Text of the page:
Your child is exactly the right age to start saving, because starting at any age is better than never getting started at all. Children as young as three can learn the value of saving. Adjusting your methods for children of school age and older might be necessary but teaching by example will work for all ages. As a mom to young children I have found that giving kids examples and rewarding them for their success leads to motivation. Continuing conversations about the need for savings will instill the value.
With younger kids you can allow them to put the spare change from your purse or car into a penny bank. Have them make a savings goal chart, start off with a goal they can reach quickly and celebrate with them when they have made it to that goal. Keep the chart near the penny bank and raise the future goals as they reach each one. Remember to make a big deal about their success and discuss the importance of saving with them as they grow. I have a young daughter who enjoys sorting and keeping like things together. She has four coin jars she uses to keep all her money separated so she enjoys sorting them and saving them. Find what will excite your child, maybe sorting, or decorating their jar or milk jug with stickers, make saving fun and personalize it.
Older kids sometimes get money from Birthdays or other holidays, when they get a visit from the tooth fairy or for an allowance. To teach older kids the value of saving money you could set up two penny banks. One would be used for savings and one used for spending. Create a division of the funds between savings and spending that suits you, maybe you'd like a 50/50 ratio or a 60/40 ratio. The more money saved the better. Encourage them with incentives, bring them to the bank once a month so they can deposit their savings in an account. Giving older kids ownership and responsibility will bring out desire. When they reach a predetermined savings goal treat them to a reward they would enjoy, a movie, skate night, sleepover, a video game or app they want. Make it something special that will leave an impression.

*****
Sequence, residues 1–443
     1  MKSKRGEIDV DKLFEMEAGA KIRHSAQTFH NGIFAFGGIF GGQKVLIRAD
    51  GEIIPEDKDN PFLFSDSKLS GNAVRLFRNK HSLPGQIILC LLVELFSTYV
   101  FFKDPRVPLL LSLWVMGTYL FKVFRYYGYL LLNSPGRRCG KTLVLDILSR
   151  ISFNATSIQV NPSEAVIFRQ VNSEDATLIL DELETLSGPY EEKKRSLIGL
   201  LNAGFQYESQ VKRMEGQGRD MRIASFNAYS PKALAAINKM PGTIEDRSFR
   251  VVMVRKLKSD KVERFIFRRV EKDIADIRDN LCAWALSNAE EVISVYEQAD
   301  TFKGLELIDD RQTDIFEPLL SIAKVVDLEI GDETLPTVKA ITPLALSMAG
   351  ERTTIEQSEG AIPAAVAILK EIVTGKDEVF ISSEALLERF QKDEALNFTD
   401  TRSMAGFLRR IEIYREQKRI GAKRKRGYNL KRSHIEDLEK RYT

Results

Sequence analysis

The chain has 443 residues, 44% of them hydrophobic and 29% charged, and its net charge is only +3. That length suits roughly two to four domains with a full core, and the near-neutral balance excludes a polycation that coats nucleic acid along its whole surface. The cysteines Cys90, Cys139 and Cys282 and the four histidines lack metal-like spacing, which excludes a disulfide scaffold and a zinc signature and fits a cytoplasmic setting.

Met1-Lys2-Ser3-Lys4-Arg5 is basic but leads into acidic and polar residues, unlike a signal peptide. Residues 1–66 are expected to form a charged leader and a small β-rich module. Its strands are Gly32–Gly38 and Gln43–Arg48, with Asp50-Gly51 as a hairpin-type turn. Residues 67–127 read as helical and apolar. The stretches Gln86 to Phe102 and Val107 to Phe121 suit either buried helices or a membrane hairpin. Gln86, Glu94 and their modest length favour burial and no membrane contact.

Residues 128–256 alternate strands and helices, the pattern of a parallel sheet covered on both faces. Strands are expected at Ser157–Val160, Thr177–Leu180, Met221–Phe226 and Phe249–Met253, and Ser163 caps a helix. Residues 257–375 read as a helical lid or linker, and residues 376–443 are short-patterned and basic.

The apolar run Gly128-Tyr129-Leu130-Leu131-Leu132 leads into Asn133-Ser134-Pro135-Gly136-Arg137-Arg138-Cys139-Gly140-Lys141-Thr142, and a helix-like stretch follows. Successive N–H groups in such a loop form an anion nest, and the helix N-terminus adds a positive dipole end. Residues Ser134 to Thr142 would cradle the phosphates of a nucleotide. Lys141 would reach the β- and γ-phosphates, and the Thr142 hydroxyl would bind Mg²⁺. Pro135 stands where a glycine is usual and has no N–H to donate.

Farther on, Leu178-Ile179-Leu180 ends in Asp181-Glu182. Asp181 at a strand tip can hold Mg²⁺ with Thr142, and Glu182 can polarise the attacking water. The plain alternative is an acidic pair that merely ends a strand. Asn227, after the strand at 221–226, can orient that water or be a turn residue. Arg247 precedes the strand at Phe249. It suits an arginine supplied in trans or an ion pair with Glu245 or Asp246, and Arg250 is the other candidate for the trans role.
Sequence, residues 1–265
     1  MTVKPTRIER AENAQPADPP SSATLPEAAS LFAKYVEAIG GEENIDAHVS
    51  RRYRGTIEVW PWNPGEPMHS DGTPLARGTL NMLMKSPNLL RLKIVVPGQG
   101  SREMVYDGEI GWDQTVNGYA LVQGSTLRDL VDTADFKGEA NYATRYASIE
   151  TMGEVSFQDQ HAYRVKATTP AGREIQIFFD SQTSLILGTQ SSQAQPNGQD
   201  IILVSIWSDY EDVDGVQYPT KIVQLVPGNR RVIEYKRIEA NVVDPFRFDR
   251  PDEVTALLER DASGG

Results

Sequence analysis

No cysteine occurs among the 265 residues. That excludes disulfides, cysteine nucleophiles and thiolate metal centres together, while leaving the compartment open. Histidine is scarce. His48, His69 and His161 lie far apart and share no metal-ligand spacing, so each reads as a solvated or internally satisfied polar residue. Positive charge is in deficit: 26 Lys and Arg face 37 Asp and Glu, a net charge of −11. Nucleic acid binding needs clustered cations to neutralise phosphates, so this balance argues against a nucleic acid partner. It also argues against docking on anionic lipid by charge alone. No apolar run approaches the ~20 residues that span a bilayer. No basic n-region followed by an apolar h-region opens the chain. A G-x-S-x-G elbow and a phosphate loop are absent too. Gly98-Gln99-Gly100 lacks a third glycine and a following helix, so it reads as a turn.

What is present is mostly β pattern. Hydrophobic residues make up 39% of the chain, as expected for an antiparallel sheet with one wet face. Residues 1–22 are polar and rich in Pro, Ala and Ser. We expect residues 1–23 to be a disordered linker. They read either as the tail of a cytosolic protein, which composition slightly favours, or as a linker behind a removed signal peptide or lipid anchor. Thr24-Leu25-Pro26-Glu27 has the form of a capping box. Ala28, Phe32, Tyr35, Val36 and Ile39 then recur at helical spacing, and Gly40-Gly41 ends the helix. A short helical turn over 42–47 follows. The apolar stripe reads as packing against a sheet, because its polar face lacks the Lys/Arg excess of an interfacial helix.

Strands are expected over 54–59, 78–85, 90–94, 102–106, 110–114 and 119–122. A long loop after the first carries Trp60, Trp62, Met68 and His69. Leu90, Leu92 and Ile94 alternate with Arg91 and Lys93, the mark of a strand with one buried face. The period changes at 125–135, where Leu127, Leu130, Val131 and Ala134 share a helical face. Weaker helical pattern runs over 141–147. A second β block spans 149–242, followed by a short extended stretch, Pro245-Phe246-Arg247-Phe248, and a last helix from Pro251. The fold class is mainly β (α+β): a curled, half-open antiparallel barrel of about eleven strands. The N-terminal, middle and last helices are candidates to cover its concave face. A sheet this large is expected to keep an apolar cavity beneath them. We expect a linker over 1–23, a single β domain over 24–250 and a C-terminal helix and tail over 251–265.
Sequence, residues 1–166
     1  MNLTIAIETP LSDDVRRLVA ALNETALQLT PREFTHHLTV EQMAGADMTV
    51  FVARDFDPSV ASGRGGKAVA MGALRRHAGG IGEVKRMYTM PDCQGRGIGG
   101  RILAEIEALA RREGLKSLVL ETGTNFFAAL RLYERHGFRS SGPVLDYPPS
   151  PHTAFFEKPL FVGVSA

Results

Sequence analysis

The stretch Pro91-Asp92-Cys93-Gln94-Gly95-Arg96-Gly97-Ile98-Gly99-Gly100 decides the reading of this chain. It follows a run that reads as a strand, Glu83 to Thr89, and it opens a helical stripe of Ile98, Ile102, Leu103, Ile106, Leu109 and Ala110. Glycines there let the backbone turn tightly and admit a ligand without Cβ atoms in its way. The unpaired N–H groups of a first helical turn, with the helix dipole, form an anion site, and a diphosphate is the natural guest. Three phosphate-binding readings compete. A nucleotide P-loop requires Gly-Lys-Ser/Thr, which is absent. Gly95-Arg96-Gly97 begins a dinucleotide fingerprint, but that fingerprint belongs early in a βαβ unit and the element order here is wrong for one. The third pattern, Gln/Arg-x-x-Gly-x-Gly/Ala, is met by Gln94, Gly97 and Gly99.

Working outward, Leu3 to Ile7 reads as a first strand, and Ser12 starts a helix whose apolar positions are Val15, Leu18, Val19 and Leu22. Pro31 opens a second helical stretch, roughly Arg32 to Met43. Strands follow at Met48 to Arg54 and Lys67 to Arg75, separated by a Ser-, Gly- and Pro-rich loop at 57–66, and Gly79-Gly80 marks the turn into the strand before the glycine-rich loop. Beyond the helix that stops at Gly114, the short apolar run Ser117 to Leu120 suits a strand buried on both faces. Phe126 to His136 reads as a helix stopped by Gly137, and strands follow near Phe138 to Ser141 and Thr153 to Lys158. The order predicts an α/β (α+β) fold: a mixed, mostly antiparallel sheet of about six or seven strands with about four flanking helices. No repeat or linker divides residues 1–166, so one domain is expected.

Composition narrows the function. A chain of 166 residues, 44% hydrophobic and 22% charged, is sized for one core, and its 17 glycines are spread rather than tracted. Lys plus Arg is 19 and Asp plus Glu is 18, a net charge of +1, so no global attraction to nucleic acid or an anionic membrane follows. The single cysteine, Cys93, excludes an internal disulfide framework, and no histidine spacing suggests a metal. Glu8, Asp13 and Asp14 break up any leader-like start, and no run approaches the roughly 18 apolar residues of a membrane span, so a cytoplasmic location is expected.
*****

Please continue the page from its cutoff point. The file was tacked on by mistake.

Maybe you're planning a summer vacation or need to purchase a family vehicle, large purchases are a good opportunity to teach your child the importance of saving for the future. Most of us can't buy a car without financing so this is also an opportunity to lightly discuss the costs of getting a loan. We want kids to be kids and not deal with what can be the stress of money so giving them age appropriate information is key. Saving money for kids should be fun and they will be learning that stable foundation from you.
*Spark interest in saving by giving kids a reward for reaching their savings goals
*Give kids something exciting to work towards, help them set the goal and deposit the money
*Keep them interested with ongoing communication that relates to their life experience